ITHACA, N.Y. — At the city of Ithaca Planning and Economic Development Committee later today, members of the Common Council will likely take the first steps to halt the “studentization” of South Hill.

After mulling a few different plans, the final proposal moving forward calls for an overlay on the existing South Hill neighborhood that states there can only be one primary structure on lower density R-1 and R-2 residential property.

The way that works is something like this – most of the properties on South Hill have some form of residential zoning – mostly R-1a, R-2b, and R-3a. The higher the number, the more dense a lot can be and the greater the variety of uses; also, lettering like c’s and b’s are modest sub-categories that allow greater density with a property, so for instance, R-1a allows a 3-story building with 20% lot coverage, while R-1b allows a 3-story building with a slightly greater 25% lot coverage.

While R-1 and R-2 are intended for single-family and two-family homes, they do allow additional primary structures so long as they fit the lot requirements for setbacks, height and parking. In a place with limited student interest like West Hill, that’s worked fine. In South Hill, a neighborhood right next to a college, with the potential to add student rentals on larger lots, well, that’s how the current controversy has come about. Recent projects like 605 South Aurora Street and 607 South Aurora Street added infill housing geared towards students, who tend to have deeper pockets more likely to create a good return on investment. This has changed the balance between owner-occupied and rental housing in ways that permanent residents have not been pleased with. A planned duplex behind 217 Columbia Street appears to have been the proverbial straw that broke the camel’s back, setting off the current debate and the demand for some kind of halt to the student-focused infill housing.

The goal is to stop student-focused infill housing long enough so that the city can get a South Hill neighborhood plan drafted, a project that won’t start until next year. The South Hill plan would ultimately create guidelines and note where rental infill is and isn’t appropriate in the neighborhood.

Does this stop all development? Technically, no, but it takes away the most common method currently used. A property owner could still apply to build an accessory apartment, which would need a special permit approved by the city. However, the primary structure needs to have been owner-occupied for five years, and the accessory unit, whether attached to the owner’s house or detached (say, above a garage), can’t have more than two bedrooms. In theory, one could subdivide a property to create a vacant lot for a new primary structure, but the lot would have to meet city lot size and dimensions (length/width) requirements.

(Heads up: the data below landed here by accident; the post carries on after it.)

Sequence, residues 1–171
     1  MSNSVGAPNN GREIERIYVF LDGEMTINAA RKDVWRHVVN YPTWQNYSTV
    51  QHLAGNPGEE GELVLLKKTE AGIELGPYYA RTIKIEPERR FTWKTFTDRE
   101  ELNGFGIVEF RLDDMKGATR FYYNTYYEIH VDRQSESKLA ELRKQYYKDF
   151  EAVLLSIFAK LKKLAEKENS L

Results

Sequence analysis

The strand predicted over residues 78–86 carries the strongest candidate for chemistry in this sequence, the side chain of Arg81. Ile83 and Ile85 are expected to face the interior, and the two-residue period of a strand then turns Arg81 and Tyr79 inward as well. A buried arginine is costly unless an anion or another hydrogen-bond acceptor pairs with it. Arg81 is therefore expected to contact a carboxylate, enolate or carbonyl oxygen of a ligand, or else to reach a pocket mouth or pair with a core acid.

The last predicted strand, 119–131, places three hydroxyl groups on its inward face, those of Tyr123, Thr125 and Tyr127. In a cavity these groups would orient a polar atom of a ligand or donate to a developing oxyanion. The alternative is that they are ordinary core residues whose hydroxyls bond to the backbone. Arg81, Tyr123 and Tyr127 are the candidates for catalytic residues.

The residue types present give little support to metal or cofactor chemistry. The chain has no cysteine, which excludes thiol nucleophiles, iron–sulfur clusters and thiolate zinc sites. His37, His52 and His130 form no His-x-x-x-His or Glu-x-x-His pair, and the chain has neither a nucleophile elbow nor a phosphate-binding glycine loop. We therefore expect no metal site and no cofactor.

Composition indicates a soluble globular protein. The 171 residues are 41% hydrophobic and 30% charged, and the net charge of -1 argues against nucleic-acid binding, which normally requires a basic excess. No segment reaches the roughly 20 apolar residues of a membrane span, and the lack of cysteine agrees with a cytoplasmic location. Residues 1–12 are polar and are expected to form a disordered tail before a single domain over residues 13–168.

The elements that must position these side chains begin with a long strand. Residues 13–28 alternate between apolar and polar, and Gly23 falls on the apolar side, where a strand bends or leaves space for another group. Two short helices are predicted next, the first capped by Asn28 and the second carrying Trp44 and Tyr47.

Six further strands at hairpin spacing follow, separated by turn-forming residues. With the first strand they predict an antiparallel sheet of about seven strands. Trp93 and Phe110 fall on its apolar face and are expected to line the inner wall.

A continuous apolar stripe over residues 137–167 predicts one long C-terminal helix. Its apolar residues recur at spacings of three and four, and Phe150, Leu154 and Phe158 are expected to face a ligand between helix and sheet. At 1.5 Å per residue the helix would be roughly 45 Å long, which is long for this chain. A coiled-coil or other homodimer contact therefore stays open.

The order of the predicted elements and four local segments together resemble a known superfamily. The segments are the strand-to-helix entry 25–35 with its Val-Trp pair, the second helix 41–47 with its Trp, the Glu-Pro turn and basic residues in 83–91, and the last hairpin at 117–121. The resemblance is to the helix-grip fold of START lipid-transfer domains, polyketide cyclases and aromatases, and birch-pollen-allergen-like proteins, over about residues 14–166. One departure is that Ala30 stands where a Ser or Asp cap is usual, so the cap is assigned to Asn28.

The duplex at 217 Columbia Street is grandfathered in since it was proposed and approved before any new zoning. Owner Charlie O’Connor had the design modified to better fit the neighborhood, and offered to prohibit renting its two units to non-students; it was approved by the Planning Board last month.

Also, should a project like the Chain Works District finally obtain approval and move forward, this overlay is designed to not interfere with the old Emerson Power factory’s redevelopment. Only R-1 and R-2 zones are impacted. That was one of reasons why a moratorium was taken out of consideration. A second idea, a complete rezoning, threatened to put multiple existing properties out of compliance, creating legal headaches for existing homeowners as well as businesses like the Inn On Columbia B&B, which would be illegal in an R-1. Spot rezoning, where non-contiguous individual properties are rezoned, is legally dubious. So, the best solution looked to be an overlay like the one moving forward now.

The way it goes from here is that the PEDC votes on whether the draft zoning law is reasonable and appropriate, sending it back to the Planning Department if not; if deemed acceptable, they vote to send it to Common Council for a vote to enact the new overlay into law. That would be November at the earliest.

Brian Crandall reports on housing and development for the Ithaca Voice. He can be reached at